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A symphony where the audience interacts with more than sound
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Rushing water. It's one of the images MCAD students are using in their multimedia installation. (Photo courtesy of Minneapolis College of Art and Design)
The Nobel Symphony is St. Paul composer Steven Heitzeg's most monumental composition to date. Gustavus Adolphus College commissioned the piece to commemorate the 100th anniversary of the Nobel Prizes. The symphony premiered in the fall of 2001. It will be performed again at Orchestra Hall in Minneapolis this Sunday afternoon, but with an added dimension. Minneapolis College of Art and Design students have created an interactive media component.

Minneapolis, Minn. — Composer Steven Heitzeg is a very modest man. Ask him about his sprawling, multi-layered Nobel Symphony, and he gives a nutshell description.

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Image St. Paul composer Steve Heitzeg

"The piece's intent is to honor all of the six disciplines or prizes of the Nobel Foundation, and at the same time is, in essence, a symphony for peace and justice," Heitzeg says.

That only begins to describe the Nobel Symphony's ambition and complexity. It's approximately 75-minutes long. There's a movement for every Nobel Prize, from Peace, Literature, and Physics, to Chemistry, Medicine and Economics. It requires a full orchestra, a chorus, a childrens choir and several soloists.

Musicians play instruments from all over the world, including Tibetan singing bowls, and African drums. They bang on empty soup cans to symbolize hunger, and play prosthetic legs to represent the hollowness of war. The words in the libretto were culled from the speeches and writings of Nobel Laureates over the decades. The piece is awash in symbolism and metaphor.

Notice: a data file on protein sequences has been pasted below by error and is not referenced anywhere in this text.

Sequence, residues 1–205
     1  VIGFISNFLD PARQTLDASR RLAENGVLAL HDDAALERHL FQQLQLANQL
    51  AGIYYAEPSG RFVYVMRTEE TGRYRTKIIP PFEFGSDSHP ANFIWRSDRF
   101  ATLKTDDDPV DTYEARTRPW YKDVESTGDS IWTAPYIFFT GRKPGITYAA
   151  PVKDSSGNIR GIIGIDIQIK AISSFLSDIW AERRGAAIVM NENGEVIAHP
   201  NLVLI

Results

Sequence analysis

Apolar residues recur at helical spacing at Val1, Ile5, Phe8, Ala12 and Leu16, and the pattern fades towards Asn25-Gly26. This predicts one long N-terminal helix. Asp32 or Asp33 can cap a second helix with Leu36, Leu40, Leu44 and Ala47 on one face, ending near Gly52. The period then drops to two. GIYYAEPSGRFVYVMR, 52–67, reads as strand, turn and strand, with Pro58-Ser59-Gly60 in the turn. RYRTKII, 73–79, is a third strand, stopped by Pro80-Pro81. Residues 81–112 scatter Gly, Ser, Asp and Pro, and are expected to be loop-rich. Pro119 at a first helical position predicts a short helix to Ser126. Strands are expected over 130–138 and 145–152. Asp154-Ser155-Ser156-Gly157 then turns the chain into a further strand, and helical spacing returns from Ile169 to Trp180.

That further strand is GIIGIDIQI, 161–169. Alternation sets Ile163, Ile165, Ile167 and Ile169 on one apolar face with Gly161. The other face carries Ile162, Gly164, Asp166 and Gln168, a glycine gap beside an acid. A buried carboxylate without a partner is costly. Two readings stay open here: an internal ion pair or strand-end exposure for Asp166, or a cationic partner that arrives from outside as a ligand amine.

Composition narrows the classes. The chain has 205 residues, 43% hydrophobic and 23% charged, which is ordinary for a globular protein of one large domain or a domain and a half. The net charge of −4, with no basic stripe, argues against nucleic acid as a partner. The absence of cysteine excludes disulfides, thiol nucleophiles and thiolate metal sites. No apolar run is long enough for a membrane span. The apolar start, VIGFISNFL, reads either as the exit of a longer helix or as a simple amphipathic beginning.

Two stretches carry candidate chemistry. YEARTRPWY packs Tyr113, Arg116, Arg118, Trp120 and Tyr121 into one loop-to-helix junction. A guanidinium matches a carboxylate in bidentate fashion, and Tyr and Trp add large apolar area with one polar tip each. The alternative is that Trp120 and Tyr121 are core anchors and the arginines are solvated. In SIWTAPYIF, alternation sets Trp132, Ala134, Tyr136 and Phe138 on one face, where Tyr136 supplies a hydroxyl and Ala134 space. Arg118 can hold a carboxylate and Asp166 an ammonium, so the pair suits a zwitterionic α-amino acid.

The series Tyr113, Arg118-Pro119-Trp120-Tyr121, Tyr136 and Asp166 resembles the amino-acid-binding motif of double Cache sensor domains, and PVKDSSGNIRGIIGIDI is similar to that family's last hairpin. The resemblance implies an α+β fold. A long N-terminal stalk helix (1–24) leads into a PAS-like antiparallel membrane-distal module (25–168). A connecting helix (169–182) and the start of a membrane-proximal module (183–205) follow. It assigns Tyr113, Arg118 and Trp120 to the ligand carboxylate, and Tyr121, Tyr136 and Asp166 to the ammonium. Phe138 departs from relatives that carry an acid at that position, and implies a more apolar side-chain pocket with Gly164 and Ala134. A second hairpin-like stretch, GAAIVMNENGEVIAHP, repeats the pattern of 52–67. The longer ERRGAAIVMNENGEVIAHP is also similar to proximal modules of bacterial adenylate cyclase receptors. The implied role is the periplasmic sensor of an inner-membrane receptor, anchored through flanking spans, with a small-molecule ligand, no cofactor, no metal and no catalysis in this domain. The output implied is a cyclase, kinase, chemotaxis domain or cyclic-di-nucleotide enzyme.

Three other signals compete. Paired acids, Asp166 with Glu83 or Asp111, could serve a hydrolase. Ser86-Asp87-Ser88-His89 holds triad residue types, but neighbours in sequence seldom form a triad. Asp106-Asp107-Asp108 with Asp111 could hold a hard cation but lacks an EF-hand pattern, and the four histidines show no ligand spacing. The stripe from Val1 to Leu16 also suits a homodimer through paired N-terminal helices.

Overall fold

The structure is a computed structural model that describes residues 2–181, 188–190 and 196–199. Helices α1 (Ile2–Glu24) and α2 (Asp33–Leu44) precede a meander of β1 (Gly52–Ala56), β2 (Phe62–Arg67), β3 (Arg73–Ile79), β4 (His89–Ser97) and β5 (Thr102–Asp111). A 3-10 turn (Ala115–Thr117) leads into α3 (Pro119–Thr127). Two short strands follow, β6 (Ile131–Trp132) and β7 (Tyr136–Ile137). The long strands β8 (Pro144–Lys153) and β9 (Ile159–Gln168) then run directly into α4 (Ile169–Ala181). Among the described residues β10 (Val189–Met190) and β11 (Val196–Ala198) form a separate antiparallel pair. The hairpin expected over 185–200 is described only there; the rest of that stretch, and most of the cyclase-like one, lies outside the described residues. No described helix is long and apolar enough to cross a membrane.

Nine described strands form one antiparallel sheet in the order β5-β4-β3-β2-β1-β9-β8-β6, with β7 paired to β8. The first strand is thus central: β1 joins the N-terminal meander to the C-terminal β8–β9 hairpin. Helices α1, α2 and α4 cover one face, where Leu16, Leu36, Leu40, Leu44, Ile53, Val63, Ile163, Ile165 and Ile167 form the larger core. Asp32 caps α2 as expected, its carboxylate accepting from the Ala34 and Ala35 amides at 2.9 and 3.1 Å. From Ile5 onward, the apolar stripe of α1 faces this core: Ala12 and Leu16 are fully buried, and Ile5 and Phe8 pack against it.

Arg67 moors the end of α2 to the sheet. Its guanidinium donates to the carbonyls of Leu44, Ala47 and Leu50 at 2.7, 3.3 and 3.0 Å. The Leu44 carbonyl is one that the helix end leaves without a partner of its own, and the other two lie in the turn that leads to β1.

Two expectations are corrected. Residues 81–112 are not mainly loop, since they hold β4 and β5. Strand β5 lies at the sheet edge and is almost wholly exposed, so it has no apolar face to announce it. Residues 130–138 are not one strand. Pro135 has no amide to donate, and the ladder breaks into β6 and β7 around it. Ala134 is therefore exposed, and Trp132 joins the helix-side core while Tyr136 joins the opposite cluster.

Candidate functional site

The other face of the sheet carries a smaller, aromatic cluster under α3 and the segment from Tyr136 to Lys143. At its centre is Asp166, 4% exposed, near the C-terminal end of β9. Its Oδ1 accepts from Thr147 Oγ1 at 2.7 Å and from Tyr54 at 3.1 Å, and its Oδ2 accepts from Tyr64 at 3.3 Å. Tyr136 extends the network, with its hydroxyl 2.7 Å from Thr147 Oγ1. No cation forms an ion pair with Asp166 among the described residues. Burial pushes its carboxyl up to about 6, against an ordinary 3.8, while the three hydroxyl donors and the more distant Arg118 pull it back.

It's a lot for an audience to absorb.

So it's somewhat surprising that Phillip Brunelle, Artistic Director of VocalEssence, which is performing the piece on Sunday, felt the symphony could accommodate a little more.

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Image Birds

"Not everything in music needs a visual component," he says. "But this piece, it seemed to me, it would be enhanced in a way because of its text."

Brunelle consulted his friend Michael O'Keefe, President of the Minneapolis College of Art and Design. MCAD's interactive media class enthusiastically signed on to the project. The students spent the next four months designing an interactive multimedia installation that would reinforce Heitzeg's musical message of peace and social justice. They wanted to engage the audience before and during the concert. They decided to focus on the symphony's Peace movement.

Concert goers who park in the Orchestra Hall ramp get their first taste of the project almost immediately. As they walk through the skyway toward the hall, they'll be enveloped in a polyphonic collage of Nobel Laureate quotations. MCAD student Mark Fox says the quotations were recorded in English and a number of other different languages.

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Image MCAD student Mark Fox